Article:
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Fine-tuning nucleophosmin in macrophage differentiation and activation

Leslie Guery, Naima Benikhlef, Thomas Gautier, Catherine Paul, Gaetan Jego, Erick Dufour, Arnaud Jacquel, Radj Cally, Benedicte Manoury, Tom Vanden Berghe UGent, et al. (2011) BLOOD. 118(17). p.4694-4704
abstract
M-CSF-driven differentiation of peripheral blood monocytes is one of the sources of tissue macrophages. In humans and mice, the differentiation process involves the activation of caspases that cleave a limited number of proteins. One of these proteins is nucleophosmin (NPM1), a multifunctional and ubiquitous protein. Here, we show that caspases activated in monocytes exposed to M-CSF cleave NPM1 at D213 to generate a 30-kDa N-terminal fragment. The protein is further cleaved into a 20-kDa fragment, which involves cathepsin B. NPM1 fragments contribute to the limited motility, migration, and phagocytosis capabilities of resting macrophages. Their activation with lipopolysaccharides inhibits proteolytic processes and restores expression of the full-length protein that negatively regulates the transcription of genes encoding inflammatory cytokines (eg, NPM1 is recruited with NF-kappa B on the MCP1 gene promoter to decrease its transcription). In mice with heterozygous npm gene deletion, cytokine production in response to lipopolysaccharides, including CXCL1 (KC), MCP1, and MIP2, is dramatically enhanced. These results indicate a dual function of NPM1 in M-CSF-differentiated macrophages. Proteolysis of the protein participates in the establishment of a mature macrophage phenotype. In response to inflammatory stimuli, the full-length protein negatively regulates inflammatory cytokine production.
Please use this url to cite or link to this publication:
author
organization
year
type
journalArticle (original)
publication status
published
subject
keyword
NUCLEOLAR ACIDIC PROTEIN, NF-KAPPA-B, HISTONE CHAPERONE, HUMAN SOD2 GENE, CATHEPSIN-B, CENTROSOME DUPLICATION, CELL-DIFFERENTIATION, CASPASE ACTIVATION, BLOOD MONOCYTES, TRANSCRIPTION
journal title
BLOOD
Blood
volume
118
issue
17
pages
4694 - 4704
Web of Science type
Article
Web of Science id
000296368700033
JCR category
HEMATOLOGY
JCR impact factor
9.898 (2011)
JCR rank
2/68 (2011)
JCR quartile
1 (2011)
ISSN
0006-4971
DOI
10.1182/blood-2011-03-341255
project
Ghent researchers on unfolded proteins in inflammatory disease (GROUP-ID)
language
English
UGent publication?
yes
classification
A1
copyright statement
I have transferred the copyright for this publication to the publisher
id
1943109
handle
http://hdl.handle.net/1854/LU-1943109
date created
2011-11-17 11:09:30
date last changed
2016-12-19 15:39:01
@article{1943109,
  abstract     = {M-CSF-driven differentiation of peripheral blood monocytes is one of the sources of tissue macrophages. In humans and mice, the differentiation process involves the activation of caspases that cleave a limited number of proteins. One of these proteins is nucleophosmin (NPM1), a multifunctional and ubiquitous protein. Here, we show that caspases activated in monocytes exposed to M-CSF cleave NPM1 at D213 to generate a 30-kDa N-terminal fragment. The protein is further cleaved into a 20-kDa fragment, which involves cathepsin B. NPM1 fragments contribute to the limited motility, migration, and phagocytosis capabilities of resting macrophages. Their activation with lipopolysaccharides inhibits proteolytic processes and restores expression of the full-length protein that negatively regulates the transcription of genes encoding inflammatory cytokines (eg, NPM1 is recruited with NF-kappa B on the MCP1 gene promoter to decrease its transcription). In mice with heterozygous npm gene deletion, cytokine production in response to lipopolysaccharides, including CXCL1 (KC), MCP1, and MIP2, is dramatically enhanced. These results indicate a dual function of NPM1 in M-CSF-differentiated macrophages. Proteolysis of the protein participates in the establishment of a mature macrophage phenotype. In response to inflammatory stimuli, the full-length protein negatively regulates inflammatory cytokine production.},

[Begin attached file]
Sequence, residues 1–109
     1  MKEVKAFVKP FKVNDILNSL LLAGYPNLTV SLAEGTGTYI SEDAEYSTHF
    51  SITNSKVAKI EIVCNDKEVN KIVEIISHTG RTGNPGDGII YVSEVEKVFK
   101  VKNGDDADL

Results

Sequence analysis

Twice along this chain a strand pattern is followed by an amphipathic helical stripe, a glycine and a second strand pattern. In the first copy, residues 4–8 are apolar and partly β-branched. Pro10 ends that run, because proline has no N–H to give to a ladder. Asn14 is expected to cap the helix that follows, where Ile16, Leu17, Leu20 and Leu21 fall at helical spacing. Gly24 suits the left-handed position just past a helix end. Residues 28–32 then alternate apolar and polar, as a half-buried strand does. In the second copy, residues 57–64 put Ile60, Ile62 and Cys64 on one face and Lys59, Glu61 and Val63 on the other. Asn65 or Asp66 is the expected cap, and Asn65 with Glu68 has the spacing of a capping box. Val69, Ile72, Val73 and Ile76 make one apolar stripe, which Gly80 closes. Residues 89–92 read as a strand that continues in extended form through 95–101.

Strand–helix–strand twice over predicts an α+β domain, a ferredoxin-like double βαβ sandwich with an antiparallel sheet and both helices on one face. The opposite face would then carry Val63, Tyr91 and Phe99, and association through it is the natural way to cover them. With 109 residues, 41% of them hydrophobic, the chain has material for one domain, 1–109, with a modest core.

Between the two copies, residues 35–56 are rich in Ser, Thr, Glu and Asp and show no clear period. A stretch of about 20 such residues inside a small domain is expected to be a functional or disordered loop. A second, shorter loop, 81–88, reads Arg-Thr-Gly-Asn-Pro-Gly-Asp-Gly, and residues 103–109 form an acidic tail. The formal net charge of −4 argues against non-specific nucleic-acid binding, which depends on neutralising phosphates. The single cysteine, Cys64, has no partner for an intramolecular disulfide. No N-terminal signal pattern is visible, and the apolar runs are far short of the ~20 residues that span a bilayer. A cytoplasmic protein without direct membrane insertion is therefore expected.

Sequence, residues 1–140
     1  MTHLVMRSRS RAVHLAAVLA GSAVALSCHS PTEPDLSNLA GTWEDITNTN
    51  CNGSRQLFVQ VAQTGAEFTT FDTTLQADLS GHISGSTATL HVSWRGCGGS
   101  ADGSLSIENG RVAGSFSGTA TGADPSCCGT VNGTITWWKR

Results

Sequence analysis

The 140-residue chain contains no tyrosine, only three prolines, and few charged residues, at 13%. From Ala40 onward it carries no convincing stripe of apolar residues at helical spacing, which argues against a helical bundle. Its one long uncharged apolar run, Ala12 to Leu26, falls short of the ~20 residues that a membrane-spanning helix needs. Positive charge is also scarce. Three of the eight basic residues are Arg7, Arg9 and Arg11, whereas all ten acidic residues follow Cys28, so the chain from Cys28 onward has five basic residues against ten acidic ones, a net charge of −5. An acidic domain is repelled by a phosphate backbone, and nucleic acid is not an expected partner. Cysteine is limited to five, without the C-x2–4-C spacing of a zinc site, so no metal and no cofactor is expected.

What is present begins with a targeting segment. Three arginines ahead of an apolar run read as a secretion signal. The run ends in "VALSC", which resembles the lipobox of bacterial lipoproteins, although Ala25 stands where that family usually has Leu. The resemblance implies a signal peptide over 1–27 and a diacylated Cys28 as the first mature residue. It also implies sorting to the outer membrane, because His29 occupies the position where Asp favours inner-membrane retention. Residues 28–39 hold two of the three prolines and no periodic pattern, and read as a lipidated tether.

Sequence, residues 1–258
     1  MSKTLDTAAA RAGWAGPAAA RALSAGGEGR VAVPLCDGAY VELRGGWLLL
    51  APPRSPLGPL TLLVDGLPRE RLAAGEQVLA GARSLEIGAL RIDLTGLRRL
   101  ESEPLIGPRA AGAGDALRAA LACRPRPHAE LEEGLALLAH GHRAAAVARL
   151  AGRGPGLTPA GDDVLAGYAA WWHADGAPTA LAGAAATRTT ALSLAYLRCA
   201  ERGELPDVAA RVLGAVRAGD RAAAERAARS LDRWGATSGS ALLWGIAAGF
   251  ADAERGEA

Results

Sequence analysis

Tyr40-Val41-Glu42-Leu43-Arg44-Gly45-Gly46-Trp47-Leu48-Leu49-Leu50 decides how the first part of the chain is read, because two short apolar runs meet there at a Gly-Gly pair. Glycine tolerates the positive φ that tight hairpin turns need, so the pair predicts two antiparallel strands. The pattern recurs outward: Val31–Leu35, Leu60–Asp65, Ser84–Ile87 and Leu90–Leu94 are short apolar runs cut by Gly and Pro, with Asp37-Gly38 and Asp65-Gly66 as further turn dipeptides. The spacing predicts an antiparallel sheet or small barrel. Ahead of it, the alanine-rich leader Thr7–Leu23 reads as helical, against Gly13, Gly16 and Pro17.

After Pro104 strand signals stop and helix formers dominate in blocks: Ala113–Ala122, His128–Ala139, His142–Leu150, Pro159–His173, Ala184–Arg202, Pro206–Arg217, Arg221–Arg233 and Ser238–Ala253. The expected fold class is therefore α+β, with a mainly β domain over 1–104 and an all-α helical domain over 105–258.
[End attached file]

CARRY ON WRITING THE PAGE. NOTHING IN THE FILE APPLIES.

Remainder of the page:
author       = {Guery, Leslie and Benikhlef, Naima and Gautier, Thomas and Paul, Catherine and Jego, Gaetan and Dufour, Erick and Jacquel, Arnaud and Cally, Radj and Manoury, Benedicte and Vanden Berghe, Tom and Vandenabeele, Peter and Droin, Nathalie and Solary, Eric},
  issn         = {0006-4971},
  journal      = {BLOOD},
  keyword      = {NUCLEOLAR ACIDIC PROTEIN,NF-KAPPA-B,HISTONE CHAPERONE,HUMAN SOD2 GENE,CATHEPSIN-B,CENTROSOME DUPLICATION,CELL-DIFFERENTIATION,CASPASE ACTIVATION,BLOOD MONOCYTES,TRANSCRIPTION},
  language     = {eng},
  number       = {17},
  pages        = {4694--4704},
  title        = {Fine-tuning nucleophosmin in macrophage differentiation and activation},
  url          = {http://dx.doi.org/10.1182/blood-2011-03-341255},
  volume       = {118},
  year         = {2011},
}

Chicago
Guery, Leslie, Naima Benikhlef, Thomas Gautier, Catherine Paul, Gaetan Jego, Erick Dufour, Arnaud Jacquel, et al. 2011. “Fine-tuning Nucleophosmin in Macrophage Differentiation and Activation.” Blood 118 (17): 4694–4704.
APA
Guery, L., Benikhlef, N., Gautier, T., Paul, C., Jego, G., Dufour, E., Jacquel, A., et al. (2011). Fine-tuning nucleophosmin in macrophage differentiation and activation. BLOOD, 118(17), 4694–4704.
Vancouver
1.
Guery L, Benikhlef N, Gautier T, Paul C, Jego G, Dufour E, et al. Fine-tuning nucleophosmin in macrophage differentiation and activation. BLOOD. 2011;118(17):4694–704.
MLA
Guery, Leslie, Naima Benikhlef, Thomas Gautier, et al. “Fine-tuning Nucleophosmin in Macrophage Differentiation and Activation.” BLOOD 118.17 (2011): 4694–4704. Print.